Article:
JF: Yeah, I was very struck by the video of you wrapping twine around your legs. Can you speak on that? What were you thinking about while you were doing that?
MHW: That was the second shoot I did of that. Initially I had this idea to have this triptych of photographs of me bound. But the photography was just too stagnant. I needed people to see the movement of my body. So I went back after lying in bed for days feeling depressed, and I told myself, “Get up, and go do it.” And that’s where it came from. I heard people ask [in critiques], “How did you get that way? We didn’t see you bound.” So I decided to swap [the photos] out for the process.
JF: And then you get more of the rhythm.
MHW: Right! And I think that is how I feel a lot of the time: I feel bound. On that day, I felt bound to my bed. Sometimes I walk outside and I feel bound to what I imagine what other people think about me, how they treat me. So binding other objects, doing it to myself, gave me this cunning agency that I was really attracted to.
JF: Material is also very important to you, right?
MHW: It is very important to me. Going back to Basquiat, something that he made me realize were things I already did, which helped me to become an artist. One of which is that I’m a collector, a hoarder. I mean walking over here I picked [up this piece of grout]…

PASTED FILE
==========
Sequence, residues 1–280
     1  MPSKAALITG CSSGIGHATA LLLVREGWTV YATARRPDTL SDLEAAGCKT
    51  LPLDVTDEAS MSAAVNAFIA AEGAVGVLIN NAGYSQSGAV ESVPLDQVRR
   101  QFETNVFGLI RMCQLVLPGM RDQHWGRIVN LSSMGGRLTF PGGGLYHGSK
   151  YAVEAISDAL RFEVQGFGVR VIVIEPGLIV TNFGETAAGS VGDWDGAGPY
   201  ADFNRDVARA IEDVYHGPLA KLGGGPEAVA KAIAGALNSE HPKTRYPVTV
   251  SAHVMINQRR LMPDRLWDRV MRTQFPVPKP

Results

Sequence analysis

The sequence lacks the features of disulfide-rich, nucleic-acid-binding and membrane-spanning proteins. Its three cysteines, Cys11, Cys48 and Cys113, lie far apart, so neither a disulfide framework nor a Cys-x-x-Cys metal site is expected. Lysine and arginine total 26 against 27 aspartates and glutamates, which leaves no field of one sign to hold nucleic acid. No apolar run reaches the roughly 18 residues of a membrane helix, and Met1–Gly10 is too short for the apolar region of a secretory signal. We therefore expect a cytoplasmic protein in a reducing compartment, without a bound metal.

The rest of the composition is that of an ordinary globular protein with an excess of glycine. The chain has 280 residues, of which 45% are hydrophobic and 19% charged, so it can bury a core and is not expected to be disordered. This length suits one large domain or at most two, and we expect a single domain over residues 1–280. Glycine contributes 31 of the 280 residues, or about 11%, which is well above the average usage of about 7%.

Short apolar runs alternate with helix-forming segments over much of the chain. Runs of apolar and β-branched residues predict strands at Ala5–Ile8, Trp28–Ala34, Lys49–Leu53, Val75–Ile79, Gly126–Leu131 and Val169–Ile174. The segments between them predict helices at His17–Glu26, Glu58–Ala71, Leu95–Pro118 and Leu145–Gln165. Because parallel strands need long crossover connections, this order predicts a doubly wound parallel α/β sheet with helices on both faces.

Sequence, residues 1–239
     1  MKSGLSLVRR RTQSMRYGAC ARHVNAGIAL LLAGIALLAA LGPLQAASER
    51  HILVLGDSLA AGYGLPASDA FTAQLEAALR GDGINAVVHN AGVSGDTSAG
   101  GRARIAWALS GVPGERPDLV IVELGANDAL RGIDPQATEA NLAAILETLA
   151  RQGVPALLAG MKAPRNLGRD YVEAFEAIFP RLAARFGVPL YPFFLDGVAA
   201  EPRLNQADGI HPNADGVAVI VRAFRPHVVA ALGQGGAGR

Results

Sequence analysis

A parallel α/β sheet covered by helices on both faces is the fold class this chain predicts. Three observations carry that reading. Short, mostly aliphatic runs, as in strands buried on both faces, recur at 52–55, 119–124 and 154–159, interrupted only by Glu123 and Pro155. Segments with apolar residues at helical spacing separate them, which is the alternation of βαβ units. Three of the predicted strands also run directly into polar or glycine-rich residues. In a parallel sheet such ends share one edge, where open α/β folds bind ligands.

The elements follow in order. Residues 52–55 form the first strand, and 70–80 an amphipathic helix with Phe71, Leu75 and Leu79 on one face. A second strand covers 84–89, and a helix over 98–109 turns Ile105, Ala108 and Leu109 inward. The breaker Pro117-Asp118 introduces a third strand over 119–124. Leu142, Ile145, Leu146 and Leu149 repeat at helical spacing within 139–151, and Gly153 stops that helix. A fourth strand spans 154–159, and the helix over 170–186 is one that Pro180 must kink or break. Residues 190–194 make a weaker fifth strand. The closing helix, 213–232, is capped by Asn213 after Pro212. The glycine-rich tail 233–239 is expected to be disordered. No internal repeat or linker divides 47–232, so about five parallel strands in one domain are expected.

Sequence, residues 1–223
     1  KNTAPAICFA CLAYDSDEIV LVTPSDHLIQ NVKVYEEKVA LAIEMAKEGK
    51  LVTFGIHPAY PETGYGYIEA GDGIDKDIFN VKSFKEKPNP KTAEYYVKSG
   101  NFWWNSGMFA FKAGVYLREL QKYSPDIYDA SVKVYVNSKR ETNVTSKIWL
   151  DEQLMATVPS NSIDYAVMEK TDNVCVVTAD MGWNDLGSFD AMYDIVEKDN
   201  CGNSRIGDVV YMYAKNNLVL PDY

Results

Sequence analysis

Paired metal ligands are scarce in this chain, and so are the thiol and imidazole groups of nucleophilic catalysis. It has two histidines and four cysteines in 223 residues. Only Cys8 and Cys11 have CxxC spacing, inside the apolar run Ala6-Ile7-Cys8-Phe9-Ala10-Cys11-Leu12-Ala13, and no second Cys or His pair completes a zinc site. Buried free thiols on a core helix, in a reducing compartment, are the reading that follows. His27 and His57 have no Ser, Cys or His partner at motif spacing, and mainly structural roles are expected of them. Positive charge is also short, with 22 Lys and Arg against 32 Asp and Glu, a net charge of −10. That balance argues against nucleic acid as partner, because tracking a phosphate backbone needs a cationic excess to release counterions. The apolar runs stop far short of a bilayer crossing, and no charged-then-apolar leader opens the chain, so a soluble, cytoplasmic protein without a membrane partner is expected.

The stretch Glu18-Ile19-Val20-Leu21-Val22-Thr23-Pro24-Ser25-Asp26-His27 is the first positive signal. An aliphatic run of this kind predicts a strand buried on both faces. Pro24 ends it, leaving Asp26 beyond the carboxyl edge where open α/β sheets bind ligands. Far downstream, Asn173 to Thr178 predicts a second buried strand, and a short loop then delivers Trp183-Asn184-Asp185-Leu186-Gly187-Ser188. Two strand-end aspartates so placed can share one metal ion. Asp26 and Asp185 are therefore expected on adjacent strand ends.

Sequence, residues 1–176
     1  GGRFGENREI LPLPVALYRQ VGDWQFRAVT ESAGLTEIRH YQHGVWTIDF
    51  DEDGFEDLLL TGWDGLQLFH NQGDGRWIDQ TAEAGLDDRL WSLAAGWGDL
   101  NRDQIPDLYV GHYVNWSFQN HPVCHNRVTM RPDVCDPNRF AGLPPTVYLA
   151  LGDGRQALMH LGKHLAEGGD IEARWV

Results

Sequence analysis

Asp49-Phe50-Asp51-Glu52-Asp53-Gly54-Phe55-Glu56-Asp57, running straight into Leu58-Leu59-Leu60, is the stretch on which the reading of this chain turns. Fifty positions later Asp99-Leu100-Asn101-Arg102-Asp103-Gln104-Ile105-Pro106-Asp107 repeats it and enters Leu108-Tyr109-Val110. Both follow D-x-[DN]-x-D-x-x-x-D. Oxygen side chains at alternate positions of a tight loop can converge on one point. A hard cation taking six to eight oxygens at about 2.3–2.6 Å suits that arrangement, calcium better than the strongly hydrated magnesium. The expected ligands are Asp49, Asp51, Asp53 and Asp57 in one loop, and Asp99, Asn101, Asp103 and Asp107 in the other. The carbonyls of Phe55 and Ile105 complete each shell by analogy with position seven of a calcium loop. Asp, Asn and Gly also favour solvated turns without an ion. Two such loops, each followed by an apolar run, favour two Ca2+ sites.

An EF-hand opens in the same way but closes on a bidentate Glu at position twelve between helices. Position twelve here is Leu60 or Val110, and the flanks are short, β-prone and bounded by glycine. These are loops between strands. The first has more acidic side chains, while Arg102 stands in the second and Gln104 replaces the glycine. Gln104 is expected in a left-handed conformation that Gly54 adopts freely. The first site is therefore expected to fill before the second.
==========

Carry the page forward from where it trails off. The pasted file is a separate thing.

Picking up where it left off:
JF: Yeah, I noticed that! So talk to me about scavenging.
MHW: So [Basquiat’s] collecting all of these observations; he’s making and collecting all of these pieces of the world, and twine was a material that I collected… It’s this tick that’s been with me since I was a kid. There’s some sort of power in finding these things that people don’t see—that they walk past or don’t consider—that are very real. This [referring to the grout piece] had a life; this looks like a binding substance. So what is that? What is it doing? This is now charged; this has lived a life. So the twine—I was in the Allen, and I saw this piece by Jackie Winsor called “Four Corners.” The piece is a sculpture made of wood and hemp, and I gravitated towards the wrapping and wrapping of the hemp. I thought it was so powerful. And I don’t know what it was, maybe I couldn’t get my hands on hemp and I found twine, but I was struck by the idea of fibers. And suddenly it was, “OK, now I have to read up on twine!” These things come to you, and it’s not accidental. There’s this history behind twine, which is maybe why I was so drawn to it.
JF: Beyond twine, now that you gather these things knowing that you’re trying to build something integrated, what makes you pick up a material? Has your focus in objects changed over time?
MHW: Absolutely. I’m from Brooklyn, New York, and I ride my bike a lot… and especially in the summertime you see people throwing stuff out in the street, and what I used to pick up—before I was an “artist”—was clothes and books…
JF: And now that you’ve had your senior show, what does the future hold?
MHW: Well, I’m guess I’m going to go out and be an artist… And I’ll just keep picking things up.